Reuters, March 16, 2011:

At least five protesters have been killed and hundreds wounded in a crackdown by Bahraini forces on Wednesday, the head of the Shi'ite Muslim opposition bloc in parliament said.

"This is a war of annihilation. This does not happen even in wars and this is not acceptable," Abdel Jalil Khalil, a senior politician in Bahrain's largest Shi'ite party Wefaq, said.

The Guardian, May 11, 2011:

Bahrain's oil company has fired almost 300 employees for taking part in anti-government protests and general strikes in recent weeks, the Gulf kingdom's energy minister has said.

Abdulhussain bin Ali Mirza -- who also serves as the chief executive of the state-owned Bahrain Petroleum Company (BAPCO) -- said 293 employees have been dismissed since the King declared martial law on 15 March to quell weeks of demonstrations.

New York Times, August 5, 2011:

Bahrain, the tiny but strategically important Persian Gulf monarchy that has sought for months to suppress an Arab Spring-inspired uprising, is engaged in a heated dispute with one of the world's foremost medical relief organizations, which has stopped working there after accusing Bahraini security forces of raiding its premises last week.

The accusation by the organization, Doctors Without Borders, has been challenged by Bahrain's Health Ministry. But the sensitivities surrounding the dispute over the July 28 raid speak to what human rights activists call a particularly odious aspect of the Bahraini protests: the government’s systematic effort to deny medical services to wounded protesters -- partly by jailing or intimidating the doctors, nurses and paramedics who have tried to treat them.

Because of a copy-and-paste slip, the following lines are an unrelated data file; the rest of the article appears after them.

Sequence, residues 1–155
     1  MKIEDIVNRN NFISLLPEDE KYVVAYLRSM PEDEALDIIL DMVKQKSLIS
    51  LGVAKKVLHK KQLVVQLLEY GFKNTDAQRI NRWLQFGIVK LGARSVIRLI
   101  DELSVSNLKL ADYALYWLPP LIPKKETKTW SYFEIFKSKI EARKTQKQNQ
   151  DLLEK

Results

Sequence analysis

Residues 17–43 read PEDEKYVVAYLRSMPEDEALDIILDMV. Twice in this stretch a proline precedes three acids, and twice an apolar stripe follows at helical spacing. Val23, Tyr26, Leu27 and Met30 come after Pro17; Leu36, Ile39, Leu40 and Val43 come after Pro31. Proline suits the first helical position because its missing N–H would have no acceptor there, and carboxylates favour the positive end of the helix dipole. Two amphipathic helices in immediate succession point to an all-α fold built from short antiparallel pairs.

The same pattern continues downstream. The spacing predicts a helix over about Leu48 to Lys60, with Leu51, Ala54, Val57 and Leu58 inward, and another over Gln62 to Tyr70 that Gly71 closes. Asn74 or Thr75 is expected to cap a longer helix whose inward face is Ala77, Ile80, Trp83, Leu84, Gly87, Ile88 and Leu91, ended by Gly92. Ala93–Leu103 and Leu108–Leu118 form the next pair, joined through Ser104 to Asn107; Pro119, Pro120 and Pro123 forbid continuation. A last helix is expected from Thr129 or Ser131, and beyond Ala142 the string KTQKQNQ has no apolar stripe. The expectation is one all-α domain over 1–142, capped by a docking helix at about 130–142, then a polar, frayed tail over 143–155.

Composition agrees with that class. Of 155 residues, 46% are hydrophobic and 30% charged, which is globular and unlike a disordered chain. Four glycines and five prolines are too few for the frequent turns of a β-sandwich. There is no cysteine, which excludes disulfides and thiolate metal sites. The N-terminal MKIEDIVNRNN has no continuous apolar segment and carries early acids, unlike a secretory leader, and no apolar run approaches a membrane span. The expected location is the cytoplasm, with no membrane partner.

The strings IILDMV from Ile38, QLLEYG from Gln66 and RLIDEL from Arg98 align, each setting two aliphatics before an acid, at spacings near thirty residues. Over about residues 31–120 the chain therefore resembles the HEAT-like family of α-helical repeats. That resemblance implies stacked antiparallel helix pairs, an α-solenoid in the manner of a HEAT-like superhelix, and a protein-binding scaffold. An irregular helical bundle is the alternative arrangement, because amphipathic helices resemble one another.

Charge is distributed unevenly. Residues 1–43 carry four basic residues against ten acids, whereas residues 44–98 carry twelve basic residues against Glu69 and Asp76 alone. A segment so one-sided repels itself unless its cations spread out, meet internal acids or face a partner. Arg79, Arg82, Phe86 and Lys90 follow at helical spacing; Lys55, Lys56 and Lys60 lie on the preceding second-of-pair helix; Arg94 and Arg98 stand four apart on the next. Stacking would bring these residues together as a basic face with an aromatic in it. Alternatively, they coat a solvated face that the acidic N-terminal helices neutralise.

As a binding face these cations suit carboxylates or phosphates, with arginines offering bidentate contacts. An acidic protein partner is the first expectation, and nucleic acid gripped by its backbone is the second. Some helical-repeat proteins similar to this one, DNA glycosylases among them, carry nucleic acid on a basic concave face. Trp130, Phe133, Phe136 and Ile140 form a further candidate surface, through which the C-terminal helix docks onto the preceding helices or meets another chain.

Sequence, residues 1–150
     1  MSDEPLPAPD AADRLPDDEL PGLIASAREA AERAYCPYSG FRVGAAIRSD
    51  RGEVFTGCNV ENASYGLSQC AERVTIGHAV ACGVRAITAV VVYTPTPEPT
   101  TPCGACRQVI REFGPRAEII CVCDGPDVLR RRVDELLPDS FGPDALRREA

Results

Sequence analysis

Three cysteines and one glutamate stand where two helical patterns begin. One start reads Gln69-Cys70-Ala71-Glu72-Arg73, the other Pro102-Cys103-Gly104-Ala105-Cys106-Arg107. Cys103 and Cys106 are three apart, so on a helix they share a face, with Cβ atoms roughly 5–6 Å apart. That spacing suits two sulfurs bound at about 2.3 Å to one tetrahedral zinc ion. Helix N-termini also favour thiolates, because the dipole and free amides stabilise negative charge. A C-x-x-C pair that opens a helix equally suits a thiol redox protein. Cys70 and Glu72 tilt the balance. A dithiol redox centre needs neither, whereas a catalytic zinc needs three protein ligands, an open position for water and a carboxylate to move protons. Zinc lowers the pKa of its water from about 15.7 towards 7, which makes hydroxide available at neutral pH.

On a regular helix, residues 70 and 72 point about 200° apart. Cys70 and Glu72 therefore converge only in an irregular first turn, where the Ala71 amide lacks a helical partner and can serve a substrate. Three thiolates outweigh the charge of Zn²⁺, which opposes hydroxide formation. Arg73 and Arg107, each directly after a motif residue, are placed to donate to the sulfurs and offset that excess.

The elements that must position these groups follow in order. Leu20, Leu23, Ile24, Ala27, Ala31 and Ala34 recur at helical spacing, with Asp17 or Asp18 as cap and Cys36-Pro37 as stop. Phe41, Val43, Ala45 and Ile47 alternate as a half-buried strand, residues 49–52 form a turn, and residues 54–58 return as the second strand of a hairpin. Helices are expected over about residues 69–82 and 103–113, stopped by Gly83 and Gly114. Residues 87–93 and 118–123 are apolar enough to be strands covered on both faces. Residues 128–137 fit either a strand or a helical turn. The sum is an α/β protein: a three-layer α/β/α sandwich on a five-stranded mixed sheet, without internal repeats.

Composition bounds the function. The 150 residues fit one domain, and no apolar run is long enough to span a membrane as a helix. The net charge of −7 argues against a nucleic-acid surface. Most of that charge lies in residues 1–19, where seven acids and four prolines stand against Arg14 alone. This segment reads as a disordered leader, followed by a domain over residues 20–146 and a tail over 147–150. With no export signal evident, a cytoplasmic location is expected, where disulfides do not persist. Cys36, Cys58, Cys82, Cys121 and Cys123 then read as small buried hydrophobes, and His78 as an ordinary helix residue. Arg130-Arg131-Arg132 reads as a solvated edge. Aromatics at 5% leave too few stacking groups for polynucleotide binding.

Many medical workers in Bahrain are often too frightened to help protesters, activists say, and the wounded themselves are often too frightened to seek help, fearing they will be arrested.

At the height of the protests, led by the kingdom’s Shiite majority, seeking more rights from the Sunni monarchy, security forces commandeered the Salmaniya Medical Complex, Bahrain's largest public hospital. Dozens of doctors and nurses who treated protesters were arrested.

In a report last month, Human Rights Watch said the crackdown included "attacks on health care providers; denial of medical access to protesters injured by security forces; the siege of hospitals and health centers; and the detention, ill-treatment, torture and prosecution of medics and patients with protest-related injuries." It called the attacks "part of an official policy of retribution against Bahrainis who supported pro-democracy protests."

Human Rights Watch, yesterday:

Authorities then initiated a large-scale campaign of retribution in which more than 2,500 people were dismissed from their jobs, including teachers, medics, and other professionals. The special military court established under the decree has convicted more than 100 people, most of them for patently political offenses such as criticizing the ruling Al Khalifa family. Many of those detained have alleged that they were subjected to torture, and four people died in custody, apparently from torture and medical neglect. Leading political opposition figures have been sentenced to long prison terms, in some cases for life, solely for their role in organizing the large street protests; their trial record does not link them in any way to acts of violence or any other recognizable criminal offense. . . .

The government has prevented Human Rights Watch from visiting the country since mid-April, and tightly restricts access for journalists and other rights groups.

The Pentagon's Defense Security Cooperation Agency, September 14, 2011: